Pine Creek: July 3. Elevation below normal, water clear. Bass fair to good on topwater baits in the mornings. Crappie good on minnows in deep water. Catfish good on chicken liver or night crawlers on rod and reel and trotlines. Report Submitted by Mark Hannah, Game Warden stationed in McCurtain County.
Robert S. Kerr: July 5. Elevation normal, water 85 and murky. Catfish good on juglines and trotlines baited with fresh shad and sunfish. Report submitted by Leland Sockey, game warden stationed in Haskell County.
Sardis: July 3. Elevation 1 1/2 ft. below normal, water 85 and murky. White bass good on topwater lures early and late. Channel and blue catfish good on cut bait. Flathead catfish good on live bait. Report submitted by Dane Polk, game warden stationed in Pushmataha County.
Texoma: July 3. Elevation 4 1/3 ft. below normal, water 82 and clear. Largemouth and smallmouth bass good on surface lures, crankbaits and spinnerbaits at 5-15 ft. in the creek channels. Striped and white bass good on live bait, slabs and surface lures at 10-20 ft. in the river channels. Channel and blue catfish good on live bait, stinkbait and worms at 10-20 ft. from Johnson Creek to the south. Crappie good on minnows and jigs at 10-20 ft. around underwater brush. Sunfish good on worms, shrimp and small tube jigs at 5-15 ft. around riprap and the fishing docks. Paddlefish fair below the dam while generating. Report submitted by Danny Clubb, game warden stationed in Bryan County.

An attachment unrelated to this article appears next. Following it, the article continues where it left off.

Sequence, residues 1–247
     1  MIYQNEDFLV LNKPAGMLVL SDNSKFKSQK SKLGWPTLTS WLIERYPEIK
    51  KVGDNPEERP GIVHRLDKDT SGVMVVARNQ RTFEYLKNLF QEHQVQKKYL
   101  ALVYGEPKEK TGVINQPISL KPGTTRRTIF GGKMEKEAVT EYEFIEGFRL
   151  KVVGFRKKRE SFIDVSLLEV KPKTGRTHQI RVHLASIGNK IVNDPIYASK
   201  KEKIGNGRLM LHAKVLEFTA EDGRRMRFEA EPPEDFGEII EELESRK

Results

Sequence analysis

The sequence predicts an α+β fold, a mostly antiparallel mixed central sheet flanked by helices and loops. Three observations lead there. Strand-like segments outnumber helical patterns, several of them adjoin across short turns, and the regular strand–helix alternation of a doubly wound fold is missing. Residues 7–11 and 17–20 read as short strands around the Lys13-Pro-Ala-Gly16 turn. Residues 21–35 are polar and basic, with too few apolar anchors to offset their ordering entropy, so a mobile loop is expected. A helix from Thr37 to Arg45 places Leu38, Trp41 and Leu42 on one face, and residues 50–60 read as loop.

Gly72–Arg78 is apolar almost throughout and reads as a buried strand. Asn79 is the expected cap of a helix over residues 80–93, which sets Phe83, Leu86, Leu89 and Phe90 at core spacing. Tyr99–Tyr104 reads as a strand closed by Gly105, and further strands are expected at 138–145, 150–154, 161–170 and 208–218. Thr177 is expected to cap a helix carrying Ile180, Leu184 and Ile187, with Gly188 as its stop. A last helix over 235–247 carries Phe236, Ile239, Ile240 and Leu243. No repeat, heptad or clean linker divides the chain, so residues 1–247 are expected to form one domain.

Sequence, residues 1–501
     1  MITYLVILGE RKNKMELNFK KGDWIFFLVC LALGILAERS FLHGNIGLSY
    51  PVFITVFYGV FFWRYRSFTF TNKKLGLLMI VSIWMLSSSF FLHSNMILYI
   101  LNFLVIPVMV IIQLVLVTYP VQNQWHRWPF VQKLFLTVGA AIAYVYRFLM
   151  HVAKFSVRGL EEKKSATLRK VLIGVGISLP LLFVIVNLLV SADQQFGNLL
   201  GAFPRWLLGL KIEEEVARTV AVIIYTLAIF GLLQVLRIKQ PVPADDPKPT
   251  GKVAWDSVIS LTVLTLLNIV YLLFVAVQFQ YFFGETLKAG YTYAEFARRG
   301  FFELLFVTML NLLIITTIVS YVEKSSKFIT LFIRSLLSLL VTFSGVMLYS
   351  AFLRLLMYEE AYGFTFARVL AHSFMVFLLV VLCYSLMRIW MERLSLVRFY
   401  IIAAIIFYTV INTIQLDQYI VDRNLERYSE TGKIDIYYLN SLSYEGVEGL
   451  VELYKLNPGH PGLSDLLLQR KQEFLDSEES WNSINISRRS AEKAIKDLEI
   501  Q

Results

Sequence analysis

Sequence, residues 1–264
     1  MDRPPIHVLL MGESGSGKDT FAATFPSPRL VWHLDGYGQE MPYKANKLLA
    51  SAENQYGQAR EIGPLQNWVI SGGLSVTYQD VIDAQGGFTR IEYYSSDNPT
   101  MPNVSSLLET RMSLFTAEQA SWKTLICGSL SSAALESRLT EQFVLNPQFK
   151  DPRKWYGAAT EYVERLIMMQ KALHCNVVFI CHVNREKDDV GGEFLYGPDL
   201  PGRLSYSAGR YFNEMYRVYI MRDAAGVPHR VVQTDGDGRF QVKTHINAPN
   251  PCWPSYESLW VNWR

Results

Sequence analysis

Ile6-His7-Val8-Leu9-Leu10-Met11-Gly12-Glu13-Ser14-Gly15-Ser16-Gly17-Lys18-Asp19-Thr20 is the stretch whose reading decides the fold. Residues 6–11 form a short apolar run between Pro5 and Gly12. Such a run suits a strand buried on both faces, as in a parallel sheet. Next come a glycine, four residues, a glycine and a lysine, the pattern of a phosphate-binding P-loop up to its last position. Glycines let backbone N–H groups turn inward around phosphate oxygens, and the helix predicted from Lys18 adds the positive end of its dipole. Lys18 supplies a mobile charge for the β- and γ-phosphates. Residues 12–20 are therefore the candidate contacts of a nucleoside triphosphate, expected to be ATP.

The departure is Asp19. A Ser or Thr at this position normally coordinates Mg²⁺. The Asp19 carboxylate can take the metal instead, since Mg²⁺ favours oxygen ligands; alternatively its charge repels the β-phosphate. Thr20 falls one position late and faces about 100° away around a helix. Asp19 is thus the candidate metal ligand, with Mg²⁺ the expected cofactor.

Wister: July 3. Elevation normal, water murky. Largemouth bass fair to good on crankbaits, spinnerbaits and topwater lures early and late. White bass fair trolling deep diving crankbaits. Crappie fair on minnows and jigs at 12-20 ft. around structure. Channel and blue catfish good on juglines baited with cut shad, liver and night crawlers. Flathead catfish fair on live sunfish. Report submitted by Randy Fennell, game warden stationed in LeFlore County.
Reported by the Oklahoma Department of Wildlife
A four way to tie a bass knot is by using the San Diego Knot Jam, which is a versatile and popular knot developed by fishermen in San Diego. Step 1 – pass the end of the line through the eye of hook or lure. Pinch hook between the little finger and palm of the other hand. Step 2 – loop the tag over the index finger and make 7 wraps from the double line down to the end. Step 3 -Use the tag between the double lines below the final wrap and use the index finger to bring the loop back. Remove your finger after you made a loop from below. Lastly, simply moisten the lines and pull end tight sliding the knot down to the eye to tighten your line.
Try this knot out the next time with your baitcasting reel.
The Blood Knot is a more complex looking knot, but it’s great for connections. The blood knot method is a way to bring two pieces of monofilament together in one tying method. To start the process of making the knot, simply overlap the end of two strands so that joining and twisting them is much easier. You should do this about 10 turns to make sure both monofilaments are secure. After this step, separate one of the center twists and place the two ends through the middle of the space. Lastly, pull the knot together and clip off the excess ends.
Try this knot out the next time with your baitcasting reel outfit.